Use of Language Codes in LDAP
RFC 2596

Document Type RFC - Proposed Standard (May 1999; No errata)
Obsoleted by RFC 3866
Last updated 2013-03-02
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Network Working Group                                            M. Wahl
Request for Comments: 2596                  Innosoft International, Inc.
Category: Standards Track                                       T. Howes
                                           Netscape Communications Corp.
                                                                May 1999

                     Use of Language Codes in LDAP

Status of this Memo

   This document specifies an Internet standards track protocol for the
   Internet community, and requests discussion and suggestions for
   improvements.  Please refer to the current edition of the "Internet
   Official Protocol Standards" (STD 1) for the standardization state
   and status of this protocol.  Distribution of this memo is unlimited.

Copyright Notice

   Copyright (C) The Internet Society (1999).  All Rights Reserved.

1. Abstract

   The Lightweight Directory Access Protocol [1] provides a means for
   clients to interrogate and modify information stored in a distributed
   directory system.  The information in the directory is maintained as
   attributes [2] of entries.  Most of these attributes have syntaxes
   which are human-readable strings, and it is desirable to be able to
   indicate the natural language associated with attribute values.

   This document describes how language codes [3] are carried in LDAP
   and are to be interpreted by LDAP servers.  All implementations MUST
   be prepared to accept language codes in the LDAP protocols.  Servers
   may or may not be capable of storing attributes with language codes
   in the directory.  This document does not specify how to determine
   whether particular attributes can or cannot have language codes.

   The key words "MUST", "MUST NOT", "REQUIRED", "SHALL", "SHALL NOT",
   document are to be interpreted as described in RFC 2119 [4].

2. Language Codes

   Section 2 of RFC 1766 [3] describes the language code format which is
   used in LDAP.  Briefly, it is a string of ASCII alphabetic characters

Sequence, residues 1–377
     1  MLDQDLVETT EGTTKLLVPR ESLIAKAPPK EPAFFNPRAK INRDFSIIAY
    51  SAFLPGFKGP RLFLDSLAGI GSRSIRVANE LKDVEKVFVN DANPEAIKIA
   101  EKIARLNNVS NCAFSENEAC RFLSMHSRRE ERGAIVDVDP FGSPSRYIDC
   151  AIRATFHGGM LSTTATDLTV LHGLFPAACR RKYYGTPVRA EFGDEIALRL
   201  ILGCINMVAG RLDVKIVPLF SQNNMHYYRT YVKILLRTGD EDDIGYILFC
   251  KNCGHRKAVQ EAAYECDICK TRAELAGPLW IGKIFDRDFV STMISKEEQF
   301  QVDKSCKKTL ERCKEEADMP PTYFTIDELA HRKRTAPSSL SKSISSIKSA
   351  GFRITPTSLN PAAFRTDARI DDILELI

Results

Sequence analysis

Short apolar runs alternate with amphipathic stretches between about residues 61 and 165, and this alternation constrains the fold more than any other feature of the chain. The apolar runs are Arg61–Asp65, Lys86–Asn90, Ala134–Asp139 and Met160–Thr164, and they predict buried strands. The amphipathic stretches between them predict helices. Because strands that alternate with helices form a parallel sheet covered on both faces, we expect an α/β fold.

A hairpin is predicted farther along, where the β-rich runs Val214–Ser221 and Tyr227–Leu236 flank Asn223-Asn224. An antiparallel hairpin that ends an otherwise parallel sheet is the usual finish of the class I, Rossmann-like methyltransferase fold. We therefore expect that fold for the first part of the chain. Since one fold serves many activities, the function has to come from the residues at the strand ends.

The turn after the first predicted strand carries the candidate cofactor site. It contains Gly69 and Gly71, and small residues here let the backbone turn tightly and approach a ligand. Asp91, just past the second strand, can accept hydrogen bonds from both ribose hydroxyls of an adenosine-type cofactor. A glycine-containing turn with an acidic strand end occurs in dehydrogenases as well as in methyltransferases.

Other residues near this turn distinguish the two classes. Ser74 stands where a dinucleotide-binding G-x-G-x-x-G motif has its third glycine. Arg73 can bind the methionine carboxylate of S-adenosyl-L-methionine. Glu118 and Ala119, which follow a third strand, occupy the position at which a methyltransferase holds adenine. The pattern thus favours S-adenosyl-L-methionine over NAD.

and hyphens.  Examples include "fr", "en-US" and "ja-JP".

Wahl & Howes                Standards Track                     [Page 1]
RFC 2596             Use of Language Codes in LDAP              May 1999

   Language codes are case insensitive.  For example, the language code
   "en-us" is the same as "EN-US" and "en-US".

   Implementations MUST NOT otherwise interpret the structure of the
   code when comparing two codes, and MUST treat them as simply strings
   of characters. Client and server implementations MUST allow any
   arbitrary string which follows the patterns given in RFC 1766 to be
   used as a language code.

3. Use of Language Codes in LDAP

   This section describes how LDAP implementations MUST interpret
   language codes in performing operations.

   In general, an attribute with a language code is to be treated as a
   subtype of the attribute without a language code.  If a server does
   not support storing language codes with attribute values in the DIT,
   then it MUST always treat an attribute with a language code as an
   unrecognized attribute.

3.1. Attribute Description

   An attribute consists of a type, a list of options for that type, and
   a set of one or more values.  In LDAP, the type and the options are
   combined into the AttributeDescription, defined in section 4.1.5 of
   [1]. This is represented as an attribute type name and a possibly-
   empty list of options.  One of these options associates a natural
   language with values for that attribute.

        language-option = "lang-" lang-code

        lang-code = printable-ascii ; a code as defined in RFC 1766

   Multiple language options may be present on a particular value.

   The language code has no effect on the character set encoding for
   string representations of DirectoryString syntax values; the UTF-8
   representation of UniversalString (ISO 10646) is always used.

   Examples of valid AttributeDescription:

   In LDAP and in examples in this document, a directory attribute is
   represented as an AttributeDescription with a list of values.  Note
   that the data could be stored in the LDAP server in a different

Wahl & Howes                Standards Track                     [Page 2]
RFC 2596             Use of Language Codes in LDAP              May 1999

3.2. Distinguished Names and Relative Distinguished Names

   No attribute description options are permitted in Distinguished Names
   or Relative Distinguished Names.  Thus language codes MUST NOT be
   used in forming DNs.

3.3. Search Filter

   If a language code is present in an AttributeDescription in a search
   filter, then only attribute values in the directory which match the
   base attribute type or its subtype, the language code and the
   assertion value match this filter.
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